• buckwheat is a traditional high-altitude cover crop (proper variety is essential): http://tcpermaculture.com/site/2014/02/05/permaculture-plants-buckwheat/

• Barley is recommended for high altitudes here (and elsewhere): http://forages.oregonstate.edu/fi/topics/cover-crops/grasses

We hope this helps, Linda.

Grasshoppers

How do you control grasshoppers for summer and then block them over the winter and hatching in the spring in michigan

getting rid of grasshoppers

We looked into a number of sources about this and only one in Australia mentioned the use of cover crops—specifially, white clover, because it attracts insect predators. Buckwheat was also cited as an insectary. Perennial flowers also help to attract natural enemies. There were numerous other ideas for which we can not vouch with direct experience:

• You could try introducing a natural fungus/organic pesticide —Nosema locustae, available as “baits,” commercially called Nolo Bait and/or Semaspore Grasshopper Control—that grasshoppers eat and which causes them to become weak and eventually die. The fatal effectiveness is about 50%, with fewer hatches the year after you use.  The percentage may vary with the amount used. Google the product names for more information.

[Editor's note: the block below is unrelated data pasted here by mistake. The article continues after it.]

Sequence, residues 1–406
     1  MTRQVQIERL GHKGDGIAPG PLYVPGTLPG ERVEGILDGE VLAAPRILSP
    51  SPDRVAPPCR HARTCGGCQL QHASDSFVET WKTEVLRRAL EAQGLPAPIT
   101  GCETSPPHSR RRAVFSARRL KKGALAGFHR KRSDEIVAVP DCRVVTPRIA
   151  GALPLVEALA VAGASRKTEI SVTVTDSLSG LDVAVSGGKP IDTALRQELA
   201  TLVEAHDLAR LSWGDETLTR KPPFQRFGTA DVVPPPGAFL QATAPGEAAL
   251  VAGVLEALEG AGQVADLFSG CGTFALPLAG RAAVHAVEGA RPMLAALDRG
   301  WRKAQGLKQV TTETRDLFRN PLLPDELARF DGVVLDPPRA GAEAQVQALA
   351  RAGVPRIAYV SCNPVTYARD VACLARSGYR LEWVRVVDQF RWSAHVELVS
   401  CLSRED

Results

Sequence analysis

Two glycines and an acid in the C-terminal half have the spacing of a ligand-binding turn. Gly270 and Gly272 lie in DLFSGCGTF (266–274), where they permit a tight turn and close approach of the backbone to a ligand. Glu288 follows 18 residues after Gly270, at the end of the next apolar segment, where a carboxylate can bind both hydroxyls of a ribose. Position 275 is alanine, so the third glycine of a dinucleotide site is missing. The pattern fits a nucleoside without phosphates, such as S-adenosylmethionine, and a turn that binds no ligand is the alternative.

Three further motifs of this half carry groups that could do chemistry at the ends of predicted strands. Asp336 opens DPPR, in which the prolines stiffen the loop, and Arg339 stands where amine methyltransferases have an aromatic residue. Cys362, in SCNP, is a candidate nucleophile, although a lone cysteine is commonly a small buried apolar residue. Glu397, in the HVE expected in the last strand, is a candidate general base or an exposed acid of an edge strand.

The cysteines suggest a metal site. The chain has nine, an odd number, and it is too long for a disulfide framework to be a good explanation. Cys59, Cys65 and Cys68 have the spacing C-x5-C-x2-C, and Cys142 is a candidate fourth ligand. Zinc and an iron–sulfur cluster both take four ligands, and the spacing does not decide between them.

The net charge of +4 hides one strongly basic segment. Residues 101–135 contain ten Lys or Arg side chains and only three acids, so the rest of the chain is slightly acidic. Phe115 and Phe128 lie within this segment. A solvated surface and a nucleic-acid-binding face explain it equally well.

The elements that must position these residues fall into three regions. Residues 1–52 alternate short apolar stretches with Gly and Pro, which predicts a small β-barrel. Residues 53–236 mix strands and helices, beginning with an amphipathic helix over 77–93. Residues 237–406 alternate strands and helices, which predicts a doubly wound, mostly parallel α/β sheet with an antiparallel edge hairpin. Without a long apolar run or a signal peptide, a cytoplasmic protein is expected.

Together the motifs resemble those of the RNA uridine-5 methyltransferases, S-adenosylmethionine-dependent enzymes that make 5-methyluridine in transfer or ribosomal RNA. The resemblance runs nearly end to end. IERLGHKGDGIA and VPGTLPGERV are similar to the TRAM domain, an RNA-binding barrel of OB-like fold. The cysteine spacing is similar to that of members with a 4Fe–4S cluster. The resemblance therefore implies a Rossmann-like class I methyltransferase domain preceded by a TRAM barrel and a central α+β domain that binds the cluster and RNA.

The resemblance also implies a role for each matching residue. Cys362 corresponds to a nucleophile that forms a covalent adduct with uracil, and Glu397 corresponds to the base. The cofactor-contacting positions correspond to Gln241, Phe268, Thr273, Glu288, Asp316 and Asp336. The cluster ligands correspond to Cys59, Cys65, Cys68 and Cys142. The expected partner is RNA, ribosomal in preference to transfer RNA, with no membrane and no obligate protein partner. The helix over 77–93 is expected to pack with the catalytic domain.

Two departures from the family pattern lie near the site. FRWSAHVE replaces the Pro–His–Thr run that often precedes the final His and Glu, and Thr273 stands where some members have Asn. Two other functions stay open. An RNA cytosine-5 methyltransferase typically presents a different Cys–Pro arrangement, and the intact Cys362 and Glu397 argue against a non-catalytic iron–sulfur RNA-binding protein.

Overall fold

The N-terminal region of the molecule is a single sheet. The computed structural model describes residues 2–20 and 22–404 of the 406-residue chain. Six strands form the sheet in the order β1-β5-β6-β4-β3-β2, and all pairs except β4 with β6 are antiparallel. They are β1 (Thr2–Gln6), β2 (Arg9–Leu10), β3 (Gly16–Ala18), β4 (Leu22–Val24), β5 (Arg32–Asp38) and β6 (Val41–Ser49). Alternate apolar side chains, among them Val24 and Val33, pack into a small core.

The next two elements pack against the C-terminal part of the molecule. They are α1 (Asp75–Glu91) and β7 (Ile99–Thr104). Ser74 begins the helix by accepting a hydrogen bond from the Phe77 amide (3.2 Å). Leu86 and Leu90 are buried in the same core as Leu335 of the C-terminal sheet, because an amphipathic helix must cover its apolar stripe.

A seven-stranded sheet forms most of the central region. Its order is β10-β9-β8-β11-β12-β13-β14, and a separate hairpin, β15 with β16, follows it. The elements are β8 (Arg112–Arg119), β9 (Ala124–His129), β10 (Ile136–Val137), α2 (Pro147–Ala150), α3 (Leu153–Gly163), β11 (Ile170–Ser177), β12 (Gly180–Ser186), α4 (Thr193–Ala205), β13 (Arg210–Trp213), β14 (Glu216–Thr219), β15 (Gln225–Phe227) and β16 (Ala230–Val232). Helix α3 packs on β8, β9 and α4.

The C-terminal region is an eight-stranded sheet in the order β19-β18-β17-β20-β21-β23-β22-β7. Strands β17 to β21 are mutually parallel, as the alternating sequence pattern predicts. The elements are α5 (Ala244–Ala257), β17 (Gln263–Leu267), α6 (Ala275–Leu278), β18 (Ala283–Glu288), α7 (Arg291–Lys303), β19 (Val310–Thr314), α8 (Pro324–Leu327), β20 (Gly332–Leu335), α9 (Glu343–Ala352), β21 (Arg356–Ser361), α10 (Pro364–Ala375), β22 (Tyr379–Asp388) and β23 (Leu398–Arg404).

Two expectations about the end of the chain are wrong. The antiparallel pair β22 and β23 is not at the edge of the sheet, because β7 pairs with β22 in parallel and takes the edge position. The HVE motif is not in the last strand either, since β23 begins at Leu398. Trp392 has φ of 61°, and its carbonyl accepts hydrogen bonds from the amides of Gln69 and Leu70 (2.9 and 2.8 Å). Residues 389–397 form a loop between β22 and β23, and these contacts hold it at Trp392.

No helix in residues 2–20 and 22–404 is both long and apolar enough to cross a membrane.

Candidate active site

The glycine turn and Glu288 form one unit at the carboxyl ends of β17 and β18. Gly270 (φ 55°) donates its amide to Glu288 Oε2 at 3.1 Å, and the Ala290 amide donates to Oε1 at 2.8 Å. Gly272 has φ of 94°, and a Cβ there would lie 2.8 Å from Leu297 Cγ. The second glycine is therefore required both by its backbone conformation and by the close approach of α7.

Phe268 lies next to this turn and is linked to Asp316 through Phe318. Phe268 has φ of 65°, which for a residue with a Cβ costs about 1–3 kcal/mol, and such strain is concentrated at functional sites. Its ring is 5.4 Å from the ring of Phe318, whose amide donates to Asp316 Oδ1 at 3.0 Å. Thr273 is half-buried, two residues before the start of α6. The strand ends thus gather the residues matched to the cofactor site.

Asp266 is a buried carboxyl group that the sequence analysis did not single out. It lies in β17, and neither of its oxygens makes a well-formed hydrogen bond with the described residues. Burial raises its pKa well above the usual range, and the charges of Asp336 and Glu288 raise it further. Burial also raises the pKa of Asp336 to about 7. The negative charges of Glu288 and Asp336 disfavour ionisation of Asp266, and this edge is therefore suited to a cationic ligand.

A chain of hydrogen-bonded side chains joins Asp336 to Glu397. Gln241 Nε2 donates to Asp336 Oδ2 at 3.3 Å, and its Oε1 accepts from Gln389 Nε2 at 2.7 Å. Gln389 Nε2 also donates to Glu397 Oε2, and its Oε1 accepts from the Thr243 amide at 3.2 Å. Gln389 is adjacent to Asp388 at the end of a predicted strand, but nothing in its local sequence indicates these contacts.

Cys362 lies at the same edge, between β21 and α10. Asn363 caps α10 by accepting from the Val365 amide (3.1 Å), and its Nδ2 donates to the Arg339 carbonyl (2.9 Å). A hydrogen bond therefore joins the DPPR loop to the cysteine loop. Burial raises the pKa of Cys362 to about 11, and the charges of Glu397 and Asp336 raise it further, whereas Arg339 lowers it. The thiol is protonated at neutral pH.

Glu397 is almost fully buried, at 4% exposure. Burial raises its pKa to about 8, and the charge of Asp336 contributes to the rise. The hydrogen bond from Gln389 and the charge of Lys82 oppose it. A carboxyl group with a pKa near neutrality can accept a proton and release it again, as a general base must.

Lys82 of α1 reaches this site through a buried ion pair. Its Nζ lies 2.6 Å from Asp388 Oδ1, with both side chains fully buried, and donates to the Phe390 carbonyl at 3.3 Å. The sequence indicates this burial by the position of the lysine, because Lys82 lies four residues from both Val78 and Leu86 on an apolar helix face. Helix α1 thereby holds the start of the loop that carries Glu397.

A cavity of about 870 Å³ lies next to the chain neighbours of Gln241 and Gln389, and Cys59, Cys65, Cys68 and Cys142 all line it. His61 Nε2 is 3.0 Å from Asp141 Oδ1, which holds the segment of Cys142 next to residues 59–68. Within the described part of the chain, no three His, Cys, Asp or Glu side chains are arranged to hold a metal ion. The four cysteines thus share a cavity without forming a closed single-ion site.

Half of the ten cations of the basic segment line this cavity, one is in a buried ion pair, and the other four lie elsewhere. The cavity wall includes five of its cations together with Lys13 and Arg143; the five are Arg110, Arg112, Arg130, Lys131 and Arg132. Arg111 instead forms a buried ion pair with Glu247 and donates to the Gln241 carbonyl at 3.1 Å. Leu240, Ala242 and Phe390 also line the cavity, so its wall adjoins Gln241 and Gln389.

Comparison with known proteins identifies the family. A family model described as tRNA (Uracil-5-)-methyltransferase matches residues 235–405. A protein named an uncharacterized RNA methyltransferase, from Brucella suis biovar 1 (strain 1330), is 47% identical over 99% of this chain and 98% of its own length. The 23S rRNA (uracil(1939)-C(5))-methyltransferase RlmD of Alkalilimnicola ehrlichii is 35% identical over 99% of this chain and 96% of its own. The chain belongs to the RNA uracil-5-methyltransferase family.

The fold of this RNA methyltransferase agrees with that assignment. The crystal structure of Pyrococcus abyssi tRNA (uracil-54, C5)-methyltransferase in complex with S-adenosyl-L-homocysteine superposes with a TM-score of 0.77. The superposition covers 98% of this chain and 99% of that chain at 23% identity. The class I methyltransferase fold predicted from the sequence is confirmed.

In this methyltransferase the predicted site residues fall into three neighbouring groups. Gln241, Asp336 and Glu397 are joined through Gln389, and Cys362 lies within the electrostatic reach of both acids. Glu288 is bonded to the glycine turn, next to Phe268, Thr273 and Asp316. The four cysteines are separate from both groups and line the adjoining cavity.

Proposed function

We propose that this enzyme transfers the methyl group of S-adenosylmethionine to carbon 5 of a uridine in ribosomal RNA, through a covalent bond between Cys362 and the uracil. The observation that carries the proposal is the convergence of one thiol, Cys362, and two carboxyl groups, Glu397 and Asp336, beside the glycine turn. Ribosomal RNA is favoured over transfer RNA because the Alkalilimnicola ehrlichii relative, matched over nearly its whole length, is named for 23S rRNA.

• Some sources recommend tilling the soil (do not forget to do fence rows and borders) in autumn to bring overwintering eggs to the surface and repeating in spring.

• We have heard pro and con reactions to one source’s idea of using ordinary white all-purpose flour (not self-rising) to defeat grasshoppers. We have no hand’s on experience. It is said that when they feed on foliage that has been dusted with flour, their mouths gum up and they can not eat any more, become ill, and eventually die (no details on that timing). The process involves dusting plants in the morning of a heavy dew and no/little wind. Rinse the plants in two days with a light shower from a hose or the like. Repeat in a week, if necessary. Be aware that for some users the flour gummed up on their plants from rain or even the rinse.

• Finally, keep ducks or chickens. They love grasshoppers!

For the record, we also consulted a couple of coop extensions including yours in Michigan (as it happens, as of 2013 —the date of the post— grasshoppers were not a significant concern but see the links at the bottom of the page; if that’s not enough, you could ask Michigan again). Click through:

From Michigan: https://ask.extension.org/questions/162757

From Oklahoma: http://www.okrangelandswest.okstate.edu/files/wildlife%20pdfs/EPP-7196.pdf

From Nebraska: http://cropwatch.unl.edu/emergent-winter-wheat-and-grasshoppers

i planted red clover in the

i planted red clover in the spring... it did great, got much taller than i expected. Need to find out what to do with it now.... let it go through the winter or dig it in now?

Traditionally, red clover is

Traditionally, red clover is cut twice a year when it is at 50% bloom or greater. With this harvest system farmers end up cutting too late to obtain maximum forage quality. More recently, farmers have been cutting red clover three times during the summer to get a higher quality forage. However, with a three-cut system, farmers are concerned that they may give up yield and persistence.

http://www.uwex.edu/ces/crops/...

http://www.forages.psu.edu/agf...